A group of Canadian researchers has demonstrated the truth of a practice commonly used in European countries like The Netherlands and Switzerland: Heroin can be an effective treatment for chronic, relapsing heroin addicts. Published in the New England Journal of Medicine, the study is “the first rigorous test of the approach performed in North America,” according to a New York Times article by Benedict Carey.
In the study, 226 patients were randomly assigned to oral methadone therapy or injectable diacetylmorphine, the primary active ingredient in heroin, over a 12-month period. The “rate of retention in addiction treatment” was 88 percent for the diacetylmorphine group, compared to 54 percent for the methadone group. The “reduction in rates of illicit-drug use” was 67 percent for the heroin group and 48 percent for the methadone group.
Using doctor-prescribed heroin has two advantages, some researchers believe. It gets around the problem of addicts who don’t like the effect of methadone and therefore don’t take it as prescribed. Moreover, as European countries have demonstrated, it brings treatment-resistant opiate addicts into regular contact with physicians and medical treatment professionals, thereby keeping them away from drug dealers and out of jail.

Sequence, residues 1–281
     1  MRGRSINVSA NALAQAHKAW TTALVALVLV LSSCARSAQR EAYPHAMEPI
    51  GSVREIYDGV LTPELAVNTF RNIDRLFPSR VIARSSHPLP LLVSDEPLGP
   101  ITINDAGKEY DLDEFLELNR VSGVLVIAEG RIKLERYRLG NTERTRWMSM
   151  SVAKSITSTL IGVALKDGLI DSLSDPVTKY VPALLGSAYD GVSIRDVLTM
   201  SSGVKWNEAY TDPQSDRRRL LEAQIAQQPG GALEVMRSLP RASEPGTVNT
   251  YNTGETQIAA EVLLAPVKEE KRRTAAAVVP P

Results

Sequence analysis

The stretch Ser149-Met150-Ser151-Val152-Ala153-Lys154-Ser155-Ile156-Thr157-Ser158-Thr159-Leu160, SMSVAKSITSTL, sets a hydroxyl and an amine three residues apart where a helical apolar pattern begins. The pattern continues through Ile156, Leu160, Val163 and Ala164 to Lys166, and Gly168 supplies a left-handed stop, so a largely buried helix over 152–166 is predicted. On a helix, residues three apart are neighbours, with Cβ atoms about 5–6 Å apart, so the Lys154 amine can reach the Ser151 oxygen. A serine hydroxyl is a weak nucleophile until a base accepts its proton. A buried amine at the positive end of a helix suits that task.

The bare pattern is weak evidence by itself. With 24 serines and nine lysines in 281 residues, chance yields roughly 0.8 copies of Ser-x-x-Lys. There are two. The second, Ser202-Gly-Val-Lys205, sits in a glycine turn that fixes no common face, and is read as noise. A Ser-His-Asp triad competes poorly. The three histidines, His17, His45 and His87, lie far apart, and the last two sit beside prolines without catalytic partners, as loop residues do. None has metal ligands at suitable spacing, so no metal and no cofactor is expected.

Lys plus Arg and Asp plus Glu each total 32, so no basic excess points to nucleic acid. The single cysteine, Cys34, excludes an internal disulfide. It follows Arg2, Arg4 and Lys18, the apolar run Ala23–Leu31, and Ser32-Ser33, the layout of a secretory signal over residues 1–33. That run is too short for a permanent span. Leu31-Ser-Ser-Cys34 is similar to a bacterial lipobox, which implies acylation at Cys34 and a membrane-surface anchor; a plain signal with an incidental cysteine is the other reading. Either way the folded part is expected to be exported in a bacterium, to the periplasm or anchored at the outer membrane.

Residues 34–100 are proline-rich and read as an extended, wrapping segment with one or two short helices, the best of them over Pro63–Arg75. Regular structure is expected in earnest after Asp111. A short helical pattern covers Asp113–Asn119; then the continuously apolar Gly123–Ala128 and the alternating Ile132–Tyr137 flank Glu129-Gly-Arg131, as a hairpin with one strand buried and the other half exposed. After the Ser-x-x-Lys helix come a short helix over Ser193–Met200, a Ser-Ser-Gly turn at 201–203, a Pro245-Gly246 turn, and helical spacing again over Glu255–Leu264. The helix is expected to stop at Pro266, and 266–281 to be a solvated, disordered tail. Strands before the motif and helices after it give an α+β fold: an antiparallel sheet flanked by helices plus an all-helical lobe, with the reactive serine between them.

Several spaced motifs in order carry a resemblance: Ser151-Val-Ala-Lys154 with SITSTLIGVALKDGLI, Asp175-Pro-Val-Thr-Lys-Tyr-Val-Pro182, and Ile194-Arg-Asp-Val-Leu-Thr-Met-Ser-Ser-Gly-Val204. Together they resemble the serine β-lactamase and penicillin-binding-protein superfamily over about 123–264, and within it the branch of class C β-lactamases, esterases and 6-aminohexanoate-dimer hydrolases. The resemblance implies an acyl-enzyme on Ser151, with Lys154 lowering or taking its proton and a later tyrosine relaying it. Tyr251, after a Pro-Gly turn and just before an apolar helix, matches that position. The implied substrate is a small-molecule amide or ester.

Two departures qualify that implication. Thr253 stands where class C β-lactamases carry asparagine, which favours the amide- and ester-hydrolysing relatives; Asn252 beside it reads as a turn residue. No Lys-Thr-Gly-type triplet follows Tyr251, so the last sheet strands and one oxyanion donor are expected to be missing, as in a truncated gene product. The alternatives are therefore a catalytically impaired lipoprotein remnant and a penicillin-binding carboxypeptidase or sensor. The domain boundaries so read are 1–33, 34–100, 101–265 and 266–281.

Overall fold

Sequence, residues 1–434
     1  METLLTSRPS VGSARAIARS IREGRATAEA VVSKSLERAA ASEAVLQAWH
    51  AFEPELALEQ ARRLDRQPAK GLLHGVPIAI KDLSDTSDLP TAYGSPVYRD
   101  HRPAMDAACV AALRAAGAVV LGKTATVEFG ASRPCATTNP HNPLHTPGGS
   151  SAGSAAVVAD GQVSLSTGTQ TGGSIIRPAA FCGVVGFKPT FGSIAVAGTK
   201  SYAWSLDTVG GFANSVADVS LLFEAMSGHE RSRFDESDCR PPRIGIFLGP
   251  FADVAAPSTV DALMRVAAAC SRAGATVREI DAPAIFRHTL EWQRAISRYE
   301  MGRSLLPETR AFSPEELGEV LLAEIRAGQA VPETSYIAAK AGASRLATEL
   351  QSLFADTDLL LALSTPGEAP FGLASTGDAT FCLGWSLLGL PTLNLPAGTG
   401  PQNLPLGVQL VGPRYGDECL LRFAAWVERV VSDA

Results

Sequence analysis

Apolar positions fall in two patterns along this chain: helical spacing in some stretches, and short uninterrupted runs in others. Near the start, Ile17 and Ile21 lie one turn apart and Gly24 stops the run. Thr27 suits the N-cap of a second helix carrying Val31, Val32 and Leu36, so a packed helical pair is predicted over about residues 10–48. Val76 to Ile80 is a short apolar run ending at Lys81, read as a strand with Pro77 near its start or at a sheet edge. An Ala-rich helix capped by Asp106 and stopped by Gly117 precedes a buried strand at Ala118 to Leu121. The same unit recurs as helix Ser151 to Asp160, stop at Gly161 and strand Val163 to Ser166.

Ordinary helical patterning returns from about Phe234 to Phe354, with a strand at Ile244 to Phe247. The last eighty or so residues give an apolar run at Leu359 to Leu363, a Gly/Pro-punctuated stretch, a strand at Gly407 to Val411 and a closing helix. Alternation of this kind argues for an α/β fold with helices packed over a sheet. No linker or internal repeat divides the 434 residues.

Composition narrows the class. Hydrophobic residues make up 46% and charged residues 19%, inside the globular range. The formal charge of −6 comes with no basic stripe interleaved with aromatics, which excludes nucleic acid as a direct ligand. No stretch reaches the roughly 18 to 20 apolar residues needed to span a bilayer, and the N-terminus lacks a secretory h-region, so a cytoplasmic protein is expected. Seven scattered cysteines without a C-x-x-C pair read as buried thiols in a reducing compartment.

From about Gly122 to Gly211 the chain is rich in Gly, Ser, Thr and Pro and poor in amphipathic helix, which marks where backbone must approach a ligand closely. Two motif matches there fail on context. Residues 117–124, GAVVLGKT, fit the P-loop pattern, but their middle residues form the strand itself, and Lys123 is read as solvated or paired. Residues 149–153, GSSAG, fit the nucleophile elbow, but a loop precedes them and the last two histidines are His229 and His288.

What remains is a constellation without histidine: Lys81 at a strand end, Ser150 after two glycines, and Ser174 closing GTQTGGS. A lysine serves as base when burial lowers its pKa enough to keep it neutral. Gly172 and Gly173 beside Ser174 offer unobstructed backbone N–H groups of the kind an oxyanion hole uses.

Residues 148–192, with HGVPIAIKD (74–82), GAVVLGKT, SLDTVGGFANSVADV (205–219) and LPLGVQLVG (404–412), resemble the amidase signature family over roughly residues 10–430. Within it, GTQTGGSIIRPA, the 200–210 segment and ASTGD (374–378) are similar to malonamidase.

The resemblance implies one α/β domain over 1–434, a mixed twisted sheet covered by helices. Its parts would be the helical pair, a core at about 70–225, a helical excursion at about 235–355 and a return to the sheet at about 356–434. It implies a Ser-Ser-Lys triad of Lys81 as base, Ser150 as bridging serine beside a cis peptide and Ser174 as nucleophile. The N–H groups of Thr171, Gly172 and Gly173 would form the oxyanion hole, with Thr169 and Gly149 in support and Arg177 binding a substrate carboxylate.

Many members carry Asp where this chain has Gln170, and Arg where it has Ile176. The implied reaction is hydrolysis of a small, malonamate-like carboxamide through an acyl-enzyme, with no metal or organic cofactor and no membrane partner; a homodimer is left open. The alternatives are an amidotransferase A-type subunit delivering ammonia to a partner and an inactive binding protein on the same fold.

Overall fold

The downside is equally obvious. It keeps addicts hooked on heroin, and may even exacerbate their addiction by providing a higher quality drug. Furthermore, it runs against the prevailing North American notion that heroin should be illegal, period. Certainly, doctors have no business prescribing it to active addicts, critics argue. Furthermore, the risk of overdose or seizure is always present.
According to senior author Martin Schechter of the University of British Columbia’s School of Population and Public Health, as quoted in the New York Times: “The main finding is that for this group that is generally written off, both methadone and prescription heroin can provide real benefits.”
In an editorial accompanying the journal article, Virginia Berridge of the London School of Hygiene and Tropical Medicine cautioned that “the rise and fall of methods of treatment in this controversial area owe their rationale to evidence, but they also often owe more to the politics of the situation.”
At the end of the 19th Century in America, opium was widely prescribed as a cure for alcoholism. For opium addiction, the treatment was often alcohol.
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